In the middle of last year I went part-time in order to dedicate a couple of days a week to my coaching. On the first or second day a really strong feeling dawned on me; it was like I’d been shown a mystical secret, a hidden truth, and I wanted to share it with everyone. “Did you know”, I whispered to my friends in reverent tones, “did you know that you don’t have to work a full-time job?” Lots of people called me brave, but honestly, I didn’t feel brave at all. I felt joyful, liberated, and energised. Yes, I had less money coming in, but I had something far more precious: time and space for creativity, and work that fuelled me, excited me, and made me feel proud of who I was choosing to become. And not only did I have scope to pursue my coaching and writing, but I also found time to take the car to the garage and clean the house without feeling stressed and pressured. If it turned out that these were the only things I’d bought for myself, well, it was a bloody good deal.
At that point, I think the idea of going fully freelance looked a long, long way in the future. Surely this was a big enough step for now? I enjoyed my clients, my bits of writing, my sense of achievement. But I also enjoyed the security of the part-time pay cheque that still came in every month. I’ve lived alone for a long time, and being an independent woman who pays her own way and doesn’t have to worry about money has been a defining feature of my identity since I first started working. I’ve never made what you might call embarrassing amounts of cash, but I’ve been decidedly comfortably off for years. Why would I want to let that go, and face the uncertainty of a pay-cheque free existence?
The thing about coaching, though, is that it’s not a big fan of playing small. When you start working with a life coach, you’re making a commitment to yourself; you’re promising to explore the big, scary, exciting places that your heart yearns to investigate but that you head has festooned with ‘no entry’ signs. So for all I told myself that two days of coaching a week was enough, I couldn’t ignore the voice that whispered to me, day after day “but there’s more! More joy, more creativity, more people to meet, more fun, more freedom, more more more!” And once I started listening to that voice, my arguments against going fully freelance started to deflate like old balloons. The voice didn’t mind that I was scared, or that I really wasn’t sure I’d be able to make enough money. It didn’t give a stuff about the mortgage, gas bill, or broadband. The voice certainly wasn’t interested in whether or not I would be able to afford my usual range of expensive hair-care products. The voice sang straight to my heart “Who do you want to be? What do you really care about? What if the fulfilled life you’re denying yourself is actually possible? What if you just found out? Honestly, what’s the worst that could happen?”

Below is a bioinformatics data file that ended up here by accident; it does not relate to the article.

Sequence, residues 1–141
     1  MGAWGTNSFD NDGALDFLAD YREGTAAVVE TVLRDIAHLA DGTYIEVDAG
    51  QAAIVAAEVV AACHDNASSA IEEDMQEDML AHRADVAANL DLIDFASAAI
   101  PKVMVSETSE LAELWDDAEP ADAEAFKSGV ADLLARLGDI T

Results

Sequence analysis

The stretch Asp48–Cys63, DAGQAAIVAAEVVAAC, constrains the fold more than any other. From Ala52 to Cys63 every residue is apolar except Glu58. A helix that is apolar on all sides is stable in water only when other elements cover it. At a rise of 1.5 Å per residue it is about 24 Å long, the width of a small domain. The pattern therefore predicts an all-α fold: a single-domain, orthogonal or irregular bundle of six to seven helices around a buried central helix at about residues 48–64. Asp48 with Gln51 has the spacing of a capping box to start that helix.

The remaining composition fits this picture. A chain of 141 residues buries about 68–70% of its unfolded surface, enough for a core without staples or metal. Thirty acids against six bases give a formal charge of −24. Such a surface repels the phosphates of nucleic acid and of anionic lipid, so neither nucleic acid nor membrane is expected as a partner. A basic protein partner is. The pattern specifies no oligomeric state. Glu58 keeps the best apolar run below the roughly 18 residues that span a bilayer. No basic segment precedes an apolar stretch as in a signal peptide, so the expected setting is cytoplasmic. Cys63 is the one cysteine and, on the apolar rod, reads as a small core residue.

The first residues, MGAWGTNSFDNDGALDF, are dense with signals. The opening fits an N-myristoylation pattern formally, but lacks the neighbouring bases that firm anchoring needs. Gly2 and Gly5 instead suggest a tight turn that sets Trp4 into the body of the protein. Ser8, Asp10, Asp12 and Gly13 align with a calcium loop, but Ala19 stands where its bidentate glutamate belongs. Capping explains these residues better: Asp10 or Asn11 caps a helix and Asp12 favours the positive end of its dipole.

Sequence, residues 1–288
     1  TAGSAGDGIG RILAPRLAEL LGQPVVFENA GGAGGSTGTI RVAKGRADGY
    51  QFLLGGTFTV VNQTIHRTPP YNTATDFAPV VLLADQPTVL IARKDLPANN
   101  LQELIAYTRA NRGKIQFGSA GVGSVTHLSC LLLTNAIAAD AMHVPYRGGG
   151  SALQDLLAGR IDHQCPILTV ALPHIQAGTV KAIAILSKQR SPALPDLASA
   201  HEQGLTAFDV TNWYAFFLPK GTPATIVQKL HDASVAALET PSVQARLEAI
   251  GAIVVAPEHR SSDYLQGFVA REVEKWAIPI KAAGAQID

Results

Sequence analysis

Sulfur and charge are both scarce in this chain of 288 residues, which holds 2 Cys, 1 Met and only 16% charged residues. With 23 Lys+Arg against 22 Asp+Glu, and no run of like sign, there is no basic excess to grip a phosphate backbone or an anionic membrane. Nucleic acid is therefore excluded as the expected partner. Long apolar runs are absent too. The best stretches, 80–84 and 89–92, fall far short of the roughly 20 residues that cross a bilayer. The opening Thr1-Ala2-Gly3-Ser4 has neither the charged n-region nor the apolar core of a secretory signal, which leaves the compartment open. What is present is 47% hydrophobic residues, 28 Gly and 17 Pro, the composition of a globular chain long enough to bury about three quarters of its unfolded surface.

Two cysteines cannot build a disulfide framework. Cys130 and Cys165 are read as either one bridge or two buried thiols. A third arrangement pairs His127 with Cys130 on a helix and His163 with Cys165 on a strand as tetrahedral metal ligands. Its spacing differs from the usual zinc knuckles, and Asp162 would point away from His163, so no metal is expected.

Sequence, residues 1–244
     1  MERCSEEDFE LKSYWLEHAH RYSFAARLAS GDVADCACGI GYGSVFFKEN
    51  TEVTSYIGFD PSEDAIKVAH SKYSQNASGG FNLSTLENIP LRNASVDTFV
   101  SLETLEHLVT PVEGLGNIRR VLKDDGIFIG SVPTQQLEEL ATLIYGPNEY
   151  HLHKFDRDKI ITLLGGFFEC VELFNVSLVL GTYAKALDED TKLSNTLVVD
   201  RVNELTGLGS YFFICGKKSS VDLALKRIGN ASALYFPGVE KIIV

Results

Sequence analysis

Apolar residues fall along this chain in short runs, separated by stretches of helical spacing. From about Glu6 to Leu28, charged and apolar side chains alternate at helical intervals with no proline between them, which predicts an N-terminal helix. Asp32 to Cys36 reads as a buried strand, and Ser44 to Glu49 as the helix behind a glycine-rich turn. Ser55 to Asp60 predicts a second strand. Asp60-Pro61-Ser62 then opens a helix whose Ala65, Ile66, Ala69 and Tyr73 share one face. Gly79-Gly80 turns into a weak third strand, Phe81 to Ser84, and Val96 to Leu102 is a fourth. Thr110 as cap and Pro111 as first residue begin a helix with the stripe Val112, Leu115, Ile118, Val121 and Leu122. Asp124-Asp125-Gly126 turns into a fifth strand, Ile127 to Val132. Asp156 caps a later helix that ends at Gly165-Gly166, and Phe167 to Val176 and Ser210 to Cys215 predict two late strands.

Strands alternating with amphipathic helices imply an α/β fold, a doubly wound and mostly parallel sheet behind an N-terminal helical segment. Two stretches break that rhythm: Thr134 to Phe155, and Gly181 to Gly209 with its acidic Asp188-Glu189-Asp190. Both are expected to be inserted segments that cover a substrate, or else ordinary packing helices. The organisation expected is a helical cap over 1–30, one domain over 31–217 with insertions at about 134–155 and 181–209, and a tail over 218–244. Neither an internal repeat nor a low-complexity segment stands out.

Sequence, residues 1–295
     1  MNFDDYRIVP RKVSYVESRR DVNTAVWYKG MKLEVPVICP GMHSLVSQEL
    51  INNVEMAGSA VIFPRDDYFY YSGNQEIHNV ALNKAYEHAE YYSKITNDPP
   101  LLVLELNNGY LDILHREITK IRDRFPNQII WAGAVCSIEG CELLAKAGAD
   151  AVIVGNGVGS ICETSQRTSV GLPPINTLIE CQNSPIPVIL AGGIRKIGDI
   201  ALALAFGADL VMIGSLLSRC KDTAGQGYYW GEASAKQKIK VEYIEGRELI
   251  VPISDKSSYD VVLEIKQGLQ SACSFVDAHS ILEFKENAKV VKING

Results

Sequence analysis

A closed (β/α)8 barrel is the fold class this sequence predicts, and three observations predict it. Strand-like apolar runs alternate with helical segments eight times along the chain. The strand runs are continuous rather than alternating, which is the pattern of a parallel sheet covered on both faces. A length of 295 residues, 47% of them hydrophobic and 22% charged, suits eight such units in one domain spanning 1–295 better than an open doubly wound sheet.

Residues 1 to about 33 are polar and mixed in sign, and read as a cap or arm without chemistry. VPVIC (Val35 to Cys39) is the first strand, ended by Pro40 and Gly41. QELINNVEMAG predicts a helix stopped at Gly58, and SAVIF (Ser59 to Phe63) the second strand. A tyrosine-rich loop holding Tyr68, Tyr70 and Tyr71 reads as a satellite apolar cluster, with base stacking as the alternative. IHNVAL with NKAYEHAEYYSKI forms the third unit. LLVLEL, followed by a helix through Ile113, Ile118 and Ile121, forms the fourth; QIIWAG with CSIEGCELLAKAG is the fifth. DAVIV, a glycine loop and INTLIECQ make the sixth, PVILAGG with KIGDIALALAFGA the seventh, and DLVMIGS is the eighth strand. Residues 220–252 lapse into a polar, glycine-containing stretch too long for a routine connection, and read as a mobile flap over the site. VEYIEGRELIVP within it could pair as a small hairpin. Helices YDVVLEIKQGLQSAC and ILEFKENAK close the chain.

So, you know, I quit my job.
It would be remiss of me not to acknowledge at this juncture that the worst that can happen is really not that bad. I have no dependents, a small cushion of savings, and am educated, experienced, and connected enough to find another day job if I really need to. Yes, this is a big risk, but it’s also calculated. I’ll probably be changing where I’m shopping and what I’m buying, but I’m not going to go hungry. But knowing these things doesn’t make the decision any less startling. I’ve actually done what? Two days ago, I walked away from the job that pays my mortgage. Am I completely insane? But here’s the answer:
If, a year ago, you’d enquired after my biggest fear, I would have said “waking up one day and realising I’ve wasted my potential”. Today, my biggest fear is whether, in six month’s time, I’ll be able to afford Frizz Ease. There’s simply no question which fear I’d rather live with. I know with all my heart, and most of my head, that I am doing the right thing. I am pursuing the life that feels biggest, boldest, and most beautiful to me. My choice is to abandon security in favour of standing side-by-side with people as they look into those big scary places and say YES to living in harmony with their dreams and values. That makes it one of the sanest decisions I’ve ever made. Sure, this is a leap of fear (trust me, I’m bricking it right now), but it’s also a profound leap of faith. So, please, listen out for that voice that asks you for more, that refuses to let you play small. And if you’re scared, well, good. That probably means you’re on the right lines. Fear, my friends, is an invitation to fly.